We are all in this together. I believe that deeply, and that belief motivates my politics and my civic engagement. I think it’s what makes me a Democrat, and it’s what makes me believe that each of us has an obligation to “give back” or “pay it forward.” It also animates my understanding of my place in the queer community.
I came out just about a quarter-century ago, and I was so lucky. I had grown up in San Francisco, knew gay teachers at my high school, had seen gay characters in movies and on TV, and had even, late at night with the sound turned way down on the television in the downstairs kitchen, snuck a few peaks at the naughty gay public access television shows. I was at the time studying at Yale College, the gayest of the Ivies, where John Boswell and others had done groundbreaking work in gay and lesbian studies, where several active LGBT organizations were busy making the campus a welcoming one for queer folk, and where everyone—gay and straight—agreed that the LGBT Co-op hosted the best dances.
Coming out was not hard for me. There was no familial rejection, and no sense that my career aspirations would be forever stunted. There were, however, a few awkward conversations with friends and family, and the shadow of AIDS loomed particularly large back then when “treatments” were medieval and a diagnosis was understood to be a death sentence. But, all in all, going gay was pretty darned easy: I read a bunch of queer-themed books, started going to Co-op meetings, made new friends, and started working out more.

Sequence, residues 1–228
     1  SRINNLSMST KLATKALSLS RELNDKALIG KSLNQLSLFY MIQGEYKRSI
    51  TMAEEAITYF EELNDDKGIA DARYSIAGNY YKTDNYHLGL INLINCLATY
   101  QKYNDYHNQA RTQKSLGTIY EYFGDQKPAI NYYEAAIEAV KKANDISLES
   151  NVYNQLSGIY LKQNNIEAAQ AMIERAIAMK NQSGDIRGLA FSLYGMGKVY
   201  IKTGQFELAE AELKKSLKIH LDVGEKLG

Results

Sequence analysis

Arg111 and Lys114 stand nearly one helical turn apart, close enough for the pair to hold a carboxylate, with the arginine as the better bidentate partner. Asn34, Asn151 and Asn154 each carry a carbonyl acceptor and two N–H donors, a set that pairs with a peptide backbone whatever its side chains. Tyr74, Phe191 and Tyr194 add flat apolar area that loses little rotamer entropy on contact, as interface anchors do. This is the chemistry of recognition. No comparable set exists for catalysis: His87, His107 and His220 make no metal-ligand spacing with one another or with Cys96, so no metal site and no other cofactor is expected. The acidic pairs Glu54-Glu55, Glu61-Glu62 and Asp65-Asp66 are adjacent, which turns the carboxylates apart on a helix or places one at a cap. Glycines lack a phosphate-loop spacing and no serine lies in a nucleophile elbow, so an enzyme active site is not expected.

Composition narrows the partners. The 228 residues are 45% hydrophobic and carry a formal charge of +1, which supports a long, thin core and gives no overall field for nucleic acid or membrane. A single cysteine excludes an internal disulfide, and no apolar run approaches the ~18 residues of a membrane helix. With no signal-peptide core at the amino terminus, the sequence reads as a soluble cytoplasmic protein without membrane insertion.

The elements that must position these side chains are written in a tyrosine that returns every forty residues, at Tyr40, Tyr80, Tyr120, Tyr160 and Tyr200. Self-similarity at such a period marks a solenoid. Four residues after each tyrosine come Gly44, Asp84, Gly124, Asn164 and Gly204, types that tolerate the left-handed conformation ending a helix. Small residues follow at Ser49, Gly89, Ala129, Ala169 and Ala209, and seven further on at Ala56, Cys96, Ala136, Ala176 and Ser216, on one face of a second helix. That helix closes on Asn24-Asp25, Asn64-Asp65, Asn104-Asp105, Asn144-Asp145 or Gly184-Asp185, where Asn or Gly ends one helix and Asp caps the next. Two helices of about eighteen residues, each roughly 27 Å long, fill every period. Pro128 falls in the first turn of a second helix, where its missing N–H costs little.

I fully recognized, though, that it was not that easy for everyone, and I knew that it was only that easy for me because so many people—in San Francisco, at Yale, and throughout the world—had suffered and struggled and sometimes died to clear a path for young queer kids like me. I started thinking of our LGBT community as a ship sailing the ocean, offering a lifeline to all the closeted queers struggling to survive in the choppy seas. And each of us who had been pulled to safety on that ship had—and for the rest of our lives would continue to have—an obligation to help pull others up from the watery depths.
That’s why six years ago, when I was recovering from the sting of an unsuccessful race for District 8 Supervisor and trying to figure out something worthwhile to do with myself now that the fates (and the force of nature known as Scott Wiener) had gifted me with some unanticipated free time, I decided to get involved with our San Francisco LGBT Community Center.
I had gotten to know about the Center’s programs and services, and had become a serious fan of both its Executive Director, Rebecca Rolfe, and its Board Co-Chair, James Williamson, during my Supervisor campaign. I know that there are those in the community who will always be disappointed that our Center never turned out to be a sort of Gay JCC, with a great pool and gym, and maybe even a snack bar and restaurant. It’s true that our Center is not that. But I for one don’t need our Center to be that, and I am pleased with what it is: a queer institution that, like our mission statement says, connects “our diverse community to opportunities, resources and each other to achieve our vision of a stronger, healthier, and more equitable world for LGBT people and our allies.”